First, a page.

Looking back towards the upper tarns from a short side trip I made looking for routes up to the summit of Mt Shrimpton. You can just see my wife down there on a boulder.
Mt Shrimpton Track to Tarns, McKerrow Range
Fabulous alpine scenes amongst the tarns.
Mt Shrimpton Track to Tarns, McKerrow Range
You can see Sophia climbing back up to the ridge at the top right. It was a bit of a scramble no doubt but not risky in dry weather.
Mt Shrimpton Track to Tarns, McKerrow Range
I took another couple of panoramas on the unmarked peak just to the north of where we arrived on the ridge.
Mt Shrimpton Track to Tarns, McKerrow Range
I took another couple of panoramas on the unmarked peak just to the north of where we arrived on the ridge.
Mt Shrimpton Track to Tarns, McKerrow Range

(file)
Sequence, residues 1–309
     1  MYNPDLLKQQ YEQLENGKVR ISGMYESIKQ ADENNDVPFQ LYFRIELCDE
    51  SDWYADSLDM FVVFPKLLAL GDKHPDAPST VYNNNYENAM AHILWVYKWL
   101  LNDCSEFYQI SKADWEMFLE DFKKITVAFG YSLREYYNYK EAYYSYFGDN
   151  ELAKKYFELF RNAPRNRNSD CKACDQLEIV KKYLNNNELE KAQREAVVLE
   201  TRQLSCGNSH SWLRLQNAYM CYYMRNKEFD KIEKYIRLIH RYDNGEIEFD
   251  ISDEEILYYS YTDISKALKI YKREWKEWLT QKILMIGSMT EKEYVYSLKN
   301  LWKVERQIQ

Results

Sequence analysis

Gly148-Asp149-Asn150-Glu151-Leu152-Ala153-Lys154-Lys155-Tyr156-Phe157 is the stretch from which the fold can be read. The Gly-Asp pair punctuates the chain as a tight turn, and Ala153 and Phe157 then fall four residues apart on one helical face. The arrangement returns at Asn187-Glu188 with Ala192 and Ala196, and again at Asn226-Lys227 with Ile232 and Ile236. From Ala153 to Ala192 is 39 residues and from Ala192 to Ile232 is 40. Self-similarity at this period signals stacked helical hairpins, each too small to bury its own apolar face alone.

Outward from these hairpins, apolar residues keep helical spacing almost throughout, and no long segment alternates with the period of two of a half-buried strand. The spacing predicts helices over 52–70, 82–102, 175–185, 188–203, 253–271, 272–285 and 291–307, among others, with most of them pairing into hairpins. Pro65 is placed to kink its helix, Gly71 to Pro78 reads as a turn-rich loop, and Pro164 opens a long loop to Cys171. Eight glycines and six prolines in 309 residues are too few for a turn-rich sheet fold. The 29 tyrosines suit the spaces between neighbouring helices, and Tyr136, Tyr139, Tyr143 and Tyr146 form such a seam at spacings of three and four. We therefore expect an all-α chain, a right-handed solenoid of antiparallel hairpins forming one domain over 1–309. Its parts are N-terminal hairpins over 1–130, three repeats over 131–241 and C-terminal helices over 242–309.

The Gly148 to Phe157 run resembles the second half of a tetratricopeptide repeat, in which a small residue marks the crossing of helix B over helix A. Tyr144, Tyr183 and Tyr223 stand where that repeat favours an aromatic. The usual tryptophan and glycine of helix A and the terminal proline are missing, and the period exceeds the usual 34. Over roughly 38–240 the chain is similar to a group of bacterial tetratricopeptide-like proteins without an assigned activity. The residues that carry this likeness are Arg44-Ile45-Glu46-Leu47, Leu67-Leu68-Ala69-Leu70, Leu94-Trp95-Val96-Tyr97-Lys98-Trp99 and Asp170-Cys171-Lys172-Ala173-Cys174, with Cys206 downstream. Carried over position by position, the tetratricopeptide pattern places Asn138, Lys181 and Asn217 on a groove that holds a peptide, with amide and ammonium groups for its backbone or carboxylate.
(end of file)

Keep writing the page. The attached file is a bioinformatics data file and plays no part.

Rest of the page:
Moody lighting.
Mt Shrimpton Track to Tarns, McKerrow Range
On our way back down.

Mt Shrimpton Track to Tarns, McKerrow Range

Mt Shrimpton Track to Tarns, McKerrow Range
Great lighting as we descended back towards the bushline.
Mt Shrimpton Track to Tarns, McKerrow Range
After coming across a blue mushroom on our last walk to Goat Hill it was time for the purple mushrooms to make an appearance.

Mt Shrimpton Track to Tarns, McKerrow Range Mt Shrimpton Track to Tarns, McKerrow Range


Track Notes

Mt Shrimpton Track to Tarns, McKerrow Range
There’s a marked track until the bushline. From there there is an unmarked track for a while, but that eventually peters out. To get to the ridge veer to the right as you get close to the tops to avoid the steepest rock faces and minimise scrambling. You can see a way down to the tarns from there, although this does require some scrambling. I also visited point 1960m for extra views.